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146 Departing With 3 Engines?  
User currently offlinePe@rson From United Kingdom, joined Jan 2001, 19230 posts, RR: 52
Posted (11 years 3 weeks 3 days 11 hours ago) and read 2949 times:

Four or five years ago, I remember being at LHR when a Manx 146 changed to the departure frequency for takeoff from 27L.

After the usual commentry, the pilot operating the radio (the first officer) stated that it will be departing using three engines - not four - and thus it will need to apply full power before releasing the breaks.

Has anyone experienced this as a passenger or otherwise?

I presume that such incidents rarely occur, but how roughly how frequently do they happen?

What is the likely cause of this? A mechanical problem?

Thanks,

James.


"Everyone writing for the Telegraph knows that the way to grab eyeballs is with Ryanair and/or sex."
15 replies: All unread, jump to last
 
User currently offlineMEA-707 From Netherlands, joined Nov 1999, 4328 posts, RR: 35
Reply 1, posted (11 years 3 weeks 3 days 11 hours ago) and read 2882 times:

I am sure you were listening to the scanner and not on board? It can't possibly have been a passenger flight, presumeably the 146 went tech, most 4 engined planes are known to make 3 engine empty ferry flights to their maintenance base once in a while. I don't think 2 engined planes are allowed to take off with one engine, and I doubt about threeholers.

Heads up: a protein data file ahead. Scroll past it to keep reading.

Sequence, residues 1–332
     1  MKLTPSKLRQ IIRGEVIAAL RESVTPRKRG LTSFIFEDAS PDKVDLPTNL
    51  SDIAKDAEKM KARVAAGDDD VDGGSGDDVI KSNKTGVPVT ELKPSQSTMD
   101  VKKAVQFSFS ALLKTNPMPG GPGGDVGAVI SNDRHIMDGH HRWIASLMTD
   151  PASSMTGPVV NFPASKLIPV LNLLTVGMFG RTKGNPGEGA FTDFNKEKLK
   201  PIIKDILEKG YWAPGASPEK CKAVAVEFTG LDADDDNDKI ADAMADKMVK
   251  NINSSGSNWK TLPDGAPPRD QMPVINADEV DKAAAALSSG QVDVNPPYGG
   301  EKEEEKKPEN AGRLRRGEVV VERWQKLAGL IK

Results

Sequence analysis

nobody has ever died from hard work, but why take the risk?
User currently offlinePe@rson From United Kingdom, joined Jan 2001, 19230 posts, RR: 52
Reply 2, posted (11 years 3 weeks 3 days 11 hours ago) and read 2857 times:

No, it was a scheduled passenger flight - it used its normal flight number on its LHR-IOM service.

Yeah, I was listening to a scanner.



"Everyone writing for the Telegraph knows that the way to grab eyeballs is with Ryanair and/or sex."
User currently offlineOPNLguy From , joined Dec 1969, posts, RR:
Reply 3, posted (11 years 3 weeks 3 days 11 hours ago) and read 2784 times:

Engines sometimes need to be changed for various reasons, such as internal problems such as failed bearings or metal shavings from a failed component, or due to birdstrike damage, or other reasons. When the determination is made that an engine needs changing, the aircraft may not necessarily be at a location where the airline involved has a spare engine and folks to change it.

Three- and four-engined aircraft can ferry (sans passengers) to locations where the engine can be changed. This is usually done with a management crew flown in especially for the flight. Such a ferry usually isn't a problem, but sometimes they crop up. An ATI DC-8 freighter taking off from KMCI a few years ago on a three-engine ferry aborted takeoff, taxied back and tried again, only to crash on the second attempt. Back in the 1980s sometime, an Eastern L-1011 on a 2-engine ferry coming out of Mexico City to KMIA lost another engine on departure, and they returned safely to MMMX on a single engine. Those are the exceptions; most go off without a hitch.